European Scrutiny Committee

No. 5
(Session 2002-03)



On Thursday 30 January at 2.30 pm, the House of Commons will debate a report which sets out major new roles for national parliaments as part of a plan to bridge the gap between citizens and European Union decision-making.

The report, Democracy and accountability in the EU and the role of national parliaments *, which was published in June 2002, was intended as the European Scrutiny Committee's contribution to the Convention on the Future of Europe.

The Committee considers that national parliaments generally have a much closer relationship with their citizens than EU institutions, which are sometimes seen as remote and bureaucratic.  There are a number of ways in which national parliaments could bridge the gap, and could help to make EU institutions more democratic and accountable, and enable citizens to feel more able to influence political developments in the EU.

Issues covered by the report include:

  • Greater openness and transparency in the Council of Ministers;

  • Ways of preventing the Council agreeing controversial legislation before national parliaments have had time for scrutiny;

  • The role of various EU institutions;

  • The need to replace the system of six monthly Presidencies;

  • Whether the President of the Commission should be elected;

  • The co-decision process;

  • The relationship between MEPs and citizens;

  • The allocation of powers (i.e. who does what);

  • How to ensure that the principle of subsidiarity is respected and national parliaments' role in this;

  • The possibility of a second chamber;

  • Joint meetings of MPs and MEPs;

  • Regional and other sub Member State authorities;

  • Referendums.

The debate is expected to range widely over matters covered in the Report, taking into account subsequent developments such as the recent Franco-German proposals on EU presidencies.

For further information telephone 020 7219 6481/3292.

27 January 2003

* (Thirty-third Report of Session 2001-02 (HC 152-xxxiii-I) and Government Response, Third Special Report of Session 2001-02 (HC 1257))

Notes for Editors

The Convention on the Future of Europe began meeting in February 2002 and is expected to report in June 2003.

The main purpose of the European Scrutiny Committee is to report to the House on the legal and political importance of each EU document and to determine which EU documents are debated. Such debates take place either in a European Standing Committee or on the Floor of the House. The Committee normally reports weekly on a range of documents when the House is sitting.  The Committee also monitors business in the Council of Ministers, especially the activities of UK Ministers in the Council, and produces occasional reports on wider EU developments.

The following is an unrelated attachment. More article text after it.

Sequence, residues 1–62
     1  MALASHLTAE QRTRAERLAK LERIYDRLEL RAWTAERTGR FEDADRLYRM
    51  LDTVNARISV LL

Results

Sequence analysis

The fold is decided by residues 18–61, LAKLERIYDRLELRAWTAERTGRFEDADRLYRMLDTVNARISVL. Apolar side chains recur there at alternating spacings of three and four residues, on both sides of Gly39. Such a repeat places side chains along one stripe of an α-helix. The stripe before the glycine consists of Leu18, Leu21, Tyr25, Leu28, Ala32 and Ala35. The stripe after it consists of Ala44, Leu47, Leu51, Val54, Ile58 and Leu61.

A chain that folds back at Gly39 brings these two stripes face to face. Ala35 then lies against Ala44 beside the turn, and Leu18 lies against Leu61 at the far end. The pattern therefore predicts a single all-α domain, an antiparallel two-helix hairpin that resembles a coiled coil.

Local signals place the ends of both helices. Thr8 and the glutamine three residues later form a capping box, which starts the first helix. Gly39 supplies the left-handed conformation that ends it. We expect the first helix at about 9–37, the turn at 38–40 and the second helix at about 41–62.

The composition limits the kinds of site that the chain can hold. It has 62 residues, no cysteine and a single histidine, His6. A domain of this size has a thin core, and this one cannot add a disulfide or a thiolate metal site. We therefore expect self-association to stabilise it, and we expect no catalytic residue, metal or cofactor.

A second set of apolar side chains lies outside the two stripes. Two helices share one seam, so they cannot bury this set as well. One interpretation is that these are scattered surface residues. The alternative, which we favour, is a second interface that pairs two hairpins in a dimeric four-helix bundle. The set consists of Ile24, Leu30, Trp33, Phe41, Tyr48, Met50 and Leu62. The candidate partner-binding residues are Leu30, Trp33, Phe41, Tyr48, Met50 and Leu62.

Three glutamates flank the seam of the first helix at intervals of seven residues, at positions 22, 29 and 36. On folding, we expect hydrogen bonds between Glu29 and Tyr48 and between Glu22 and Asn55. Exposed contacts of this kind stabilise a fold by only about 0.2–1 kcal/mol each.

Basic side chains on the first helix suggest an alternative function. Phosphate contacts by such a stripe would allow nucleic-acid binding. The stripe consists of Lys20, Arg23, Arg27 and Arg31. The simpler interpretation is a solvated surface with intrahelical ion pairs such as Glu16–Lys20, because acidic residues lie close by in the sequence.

The Scrutiny Reserve Resolution, passed by the House, is crucial to the Committee's work.  Under that Resolution Ministers are constrained from agreeing to EU legislative or other proposals until parliamentary scrutiny is completed.  There are certain circumstances in which agreement is nevertheless permitted, but in such cases the European Scrutiny Committee or the House must be informed as soon as possible.

The Committee has 16 Members, as follows:

Jimmy Hood MP (Chairman) - Labour - Clydesdale
Richard Bacon MP - Conservative - South Norfolk
Colin Breed MP - Lib Dem - Cornwall South East
Roger Casale MP - Labour - Wimbledon
William Cash MP - Conservative - Stone
Michael Connarty MP - Labour - Falkirk East
Tony Cunningham MP - Labour - Workington
Wayne David MP - Labour - Caerphilly
Terry Davis MP - Labour - Birmingham Hodge Hill
Jim Dobbin MP - Labour/Co-op - Heywood & Middleton
Mark Hendrick MP - Labour - Preston
Jim Marshall MP - Labour - Leicester South
Anne McIntosh MP - Conservative - Vale of York
Angus Robertson MP - SNP - Moray
Anthony Steen MP - Conservative - Totnes
Bill Tynan MP - Labour - Hamilton South

The text of all Committee publications, including Press Notices and Reports, can be found on the Committee's website:                                                                

The entire debate can be watched live at

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